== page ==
Tensin RNAs remained prominent at all embryonic ages examined. While expression of β-actin mRNA remained relatively constant in these embryo preparations of different ages, expression of tensin mRNAs decreased between E7 and E11 and then increased again between E11 and E17 (Fig. 1). RNAs encoding another focal adhesion protein, p130cas, followed a profile more similar to that of the β-actin control. We have not yet explored the underlying reason for the unusually high level of tensin mRNA expression at very early embryonic ages. However, in situ hybridization analyses revealed widespread tensin mRNA expression in many embryonic tissues including nasal processes, walls of the midbrain, branchial arches, centrum, heart, hepatic primordium, midgut, and lung (Fig. 2).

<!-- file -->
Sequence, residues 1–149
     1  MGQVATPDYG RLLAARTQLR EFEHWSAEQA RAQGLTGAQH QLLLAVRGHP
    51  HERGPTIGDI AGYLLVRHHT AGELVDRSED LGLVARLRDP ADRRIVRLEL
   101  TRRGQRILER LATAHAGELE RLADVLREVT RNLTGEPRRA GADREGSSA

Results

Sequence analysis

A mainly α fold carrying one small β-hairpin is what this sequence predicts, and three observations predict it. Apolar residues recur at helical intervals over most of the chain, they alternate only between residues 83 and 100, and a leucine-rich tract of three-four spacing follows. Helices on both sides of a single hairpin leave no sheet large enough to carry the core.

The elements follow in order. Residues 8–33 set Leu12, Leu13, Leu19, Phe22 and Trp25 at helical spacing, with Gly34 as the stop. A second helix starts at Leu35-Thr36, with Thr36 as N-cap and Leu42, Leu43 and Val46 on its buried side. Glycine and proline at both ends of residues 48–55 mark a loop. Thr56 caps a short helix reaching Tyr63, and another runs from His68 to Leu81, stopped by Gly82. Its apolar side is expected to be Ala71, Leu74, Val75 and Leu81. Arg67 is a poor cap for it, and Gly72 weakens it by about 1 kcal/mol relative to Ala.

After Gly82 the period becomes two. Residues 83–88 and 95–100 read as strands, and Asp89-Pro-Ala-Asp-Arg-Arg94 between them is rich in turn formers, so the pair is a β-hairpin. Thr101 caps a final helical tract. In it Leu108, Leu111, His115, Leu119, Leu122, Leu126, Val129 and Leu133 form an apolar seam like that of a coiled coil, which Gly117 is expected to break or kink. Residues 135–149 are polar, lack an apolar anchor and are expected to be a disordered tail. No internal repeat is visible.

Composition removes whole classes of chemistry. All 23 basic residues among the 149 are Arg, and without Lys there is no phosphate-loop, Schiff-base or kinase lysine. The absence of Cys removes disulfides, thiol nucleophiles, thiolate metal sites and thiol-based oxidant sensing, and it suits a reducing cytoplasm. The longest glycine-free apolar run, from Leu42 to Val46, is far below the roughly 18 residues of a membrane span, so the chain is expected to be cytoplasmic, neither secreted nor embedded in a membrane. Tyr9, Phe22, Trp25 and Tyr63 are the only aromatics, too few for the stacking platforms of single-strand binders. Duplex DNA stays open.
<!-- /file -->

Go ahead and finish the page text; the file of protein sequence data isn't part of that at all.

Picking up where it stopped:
Tensin Is Expressed in a Variety of Adult Tissues

To examine tensin expression in the adult mouse, we performed Northern blot analysis on mRNAs isolated from various adult tissues. RNAs from the kidney and heart hybridized most strongly to the tensin cDNA probe (Fig. 3). Tensin-hybridizing mRNAs were also readily detected in lung, liver, and skeletal muscle, but only very weak signals were detected in the mRNAs from brain, spleen, and testis (Fig. 3). These expression patterns were very similar to those seen by immunoblot analysis using an anti-tensin antiserum (not shown). Taken together, the expression of tensin varied quite markedly among adult tissues.

Isolation of Mouse Tensin Gene and Generation of Tensin Null Mice